(Huffington Post) Former President Jimmy Carter thinks the National Security Agency is probably monitoring his email. In an interview with NBC's Andrea Mitchell airing during Sunday's "Meet the Press," Carter said he favors snail mail when communicating with foreign officials.
You can't be too careful nowadays. I got to keep in mind I'm a former US president, a diplomat, and a recipient of the Nobel Peace Prize as well as the coveted Boy Scouts Silver Buffalo. I'm an author and a humanitarian. The Oval Office is constantly on the phone seeking my advice. Well, not the current Oval Office. Or the one before that. But I'm pretty sure Clinton sought my advice on a number of occasions. Yes, I think I definitely remember that.
So I definitely have to watch my step personal-privacy-wise. For example, when I sent a draft of Christmas in Plains to my publisher, do you think I was going to trust the internet? No offense to Al Gore, but online security has more holes in it than Aunt Gertie's underpants. I have a lot of fans who'd stop at nothing to get a sneak preview of that book. Nothing. Normally, I'd just stick it in an envelope, write on a fake return address, put on a trench-coat and a stick-on mustache, drive to the next county, and drop it in a random mailbox. But this time I didn't want to take any chances. There was an incredibly explicit sex scene in there I didn't want leaking out. So I hid it in a hollow stump and sent my publisher a series of clues until they located it. Some of the clues came in fortune cookies. One was hidden in the New York Times crossword puzzle. Another was tattooed on a Scottie dog. (You had to shave the dog to read it.) In the end, they cut the scene, but as far as I'm concerned the extra precaution was still worth it.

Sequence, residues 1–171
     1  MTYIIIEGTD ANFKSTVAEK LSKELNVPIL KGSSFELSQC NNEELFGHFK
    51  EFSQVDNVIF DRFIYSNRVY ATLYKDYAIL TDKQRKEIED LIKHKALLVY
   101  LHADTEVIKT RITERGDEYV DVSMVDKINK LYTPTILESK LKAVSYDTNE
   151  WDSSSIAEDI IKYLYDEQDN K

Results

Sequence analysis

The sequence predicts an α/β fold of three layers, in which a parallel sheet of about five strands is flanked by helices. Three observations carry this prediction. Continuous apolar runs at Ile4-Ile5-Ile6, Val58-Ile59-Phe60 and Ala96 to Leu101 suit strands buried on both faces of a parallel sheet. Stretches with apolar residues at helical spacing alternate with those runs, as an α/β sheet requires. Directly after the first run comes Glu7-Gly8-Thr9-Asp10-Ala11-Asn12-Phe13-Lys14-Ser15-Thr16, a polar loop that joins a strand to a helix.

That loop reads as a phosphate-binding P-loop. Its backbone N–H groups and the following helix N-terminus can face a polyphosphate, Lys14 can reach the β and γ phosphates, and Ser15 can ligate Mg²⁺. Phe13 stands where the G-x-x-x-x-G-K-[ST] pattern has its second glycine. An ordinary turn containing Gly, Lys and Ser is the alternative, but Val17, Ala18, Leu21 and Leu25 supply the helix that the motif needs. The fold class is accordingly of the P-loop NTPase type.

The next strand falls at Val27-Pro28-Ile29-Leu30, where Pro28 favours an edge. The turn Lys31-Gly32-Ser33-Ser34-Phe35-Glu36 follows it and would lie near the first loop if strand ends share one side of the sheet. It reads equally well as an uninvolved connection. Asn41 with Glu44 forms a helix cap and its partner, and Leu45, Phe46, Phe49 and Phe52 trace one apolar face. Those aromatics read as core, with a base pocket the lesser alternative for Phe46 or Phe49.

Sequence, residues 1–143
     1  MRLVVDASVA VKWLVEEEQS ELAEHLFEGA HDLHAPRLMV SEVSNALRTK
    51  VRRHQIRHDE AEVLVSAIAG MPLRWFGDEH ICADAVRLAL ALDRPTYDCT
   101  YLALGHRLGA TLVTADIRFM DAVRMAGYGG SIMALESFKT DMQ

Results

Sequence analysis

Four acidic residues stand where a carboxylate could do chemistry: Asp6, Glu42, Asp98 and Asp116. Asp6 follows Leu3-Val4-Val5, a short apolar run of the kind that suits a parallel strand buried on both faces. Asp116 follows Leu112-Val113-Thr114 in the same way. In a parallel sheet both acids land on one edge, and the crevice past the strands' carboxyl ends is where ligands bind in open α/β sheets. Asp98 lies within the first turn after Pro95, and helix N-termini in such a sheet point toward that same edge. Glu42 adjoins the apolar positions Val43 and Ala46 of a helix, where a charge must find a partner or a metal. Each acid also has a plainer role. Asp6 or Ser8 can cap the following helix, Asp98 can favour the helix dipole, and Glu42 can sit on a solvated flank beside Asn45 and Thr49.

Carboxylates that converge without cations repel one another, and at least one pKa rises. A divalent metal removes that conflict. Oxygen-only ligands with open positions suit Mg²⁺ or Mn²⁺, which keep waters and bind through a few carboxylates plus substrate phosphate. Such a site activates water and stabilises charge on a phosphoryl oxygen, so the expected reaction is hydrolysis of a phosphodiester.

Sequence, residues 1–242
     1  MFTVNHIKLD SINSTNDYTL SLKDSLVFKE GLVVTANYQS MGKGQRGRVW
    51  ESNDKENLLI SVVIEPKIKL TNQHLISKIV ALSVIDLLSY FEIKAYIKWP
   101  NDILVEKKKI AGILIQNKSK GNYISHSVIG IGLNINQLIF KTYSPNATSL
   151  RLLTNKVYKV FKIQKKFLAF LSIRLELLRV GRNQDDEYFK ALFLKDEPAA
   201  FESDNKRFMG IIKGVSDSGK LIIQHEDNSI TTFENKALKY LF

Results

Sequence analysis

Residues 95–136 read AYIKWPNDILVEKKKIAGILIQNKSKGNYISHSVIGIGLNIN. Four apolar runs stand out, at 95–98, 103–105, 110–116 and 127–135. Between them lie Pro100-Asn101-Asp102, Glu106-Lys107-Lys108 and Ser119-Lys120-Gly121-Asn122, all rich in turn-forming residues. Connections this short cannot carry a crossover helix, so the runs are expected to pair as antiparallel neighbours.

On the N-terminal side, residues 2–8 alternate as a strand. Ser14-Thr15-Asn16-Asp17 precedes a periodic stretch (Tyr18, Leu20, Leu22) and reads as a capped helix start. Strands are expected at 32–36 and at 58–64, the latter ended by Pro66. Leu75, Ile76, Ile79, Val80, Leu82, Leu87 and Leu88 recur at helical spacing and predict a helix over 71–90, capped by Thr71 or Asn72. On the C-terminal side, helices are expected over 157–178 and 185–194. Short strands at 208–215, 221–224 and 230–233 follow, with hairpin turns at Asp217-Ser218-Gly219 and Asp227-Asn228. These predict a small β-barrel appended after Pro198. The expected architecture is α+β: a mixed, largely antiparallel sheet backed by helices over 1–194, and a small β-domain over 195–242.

Now I'm about to send Rosalyn's double-chocolate brownie recipe to Shimon Peres. This recipe has been a secret in the family for generations. You think I'm about to let it fall into the hands of the NSA? Carrier pigeons are the obvious choice, but there's no way they'll make it that far. So guess what. Hummingbirds. That's right. Those little suckers travel thousands of miles. That's the sort of thing you learn as an eagle scout, and just an example of the kind of information you don't want falling into the wrong hands. So I just have to train them to fly to Israel instead of Chile and strap just one piece of the recipe to each bird. For example, "5 cups sugar" or "350 degrees." (These snippets are not the actual amounts, just examples. I'm not that big a chump.) I figure to get the whole recipe over there, it'll take me between 450 and 500 birds.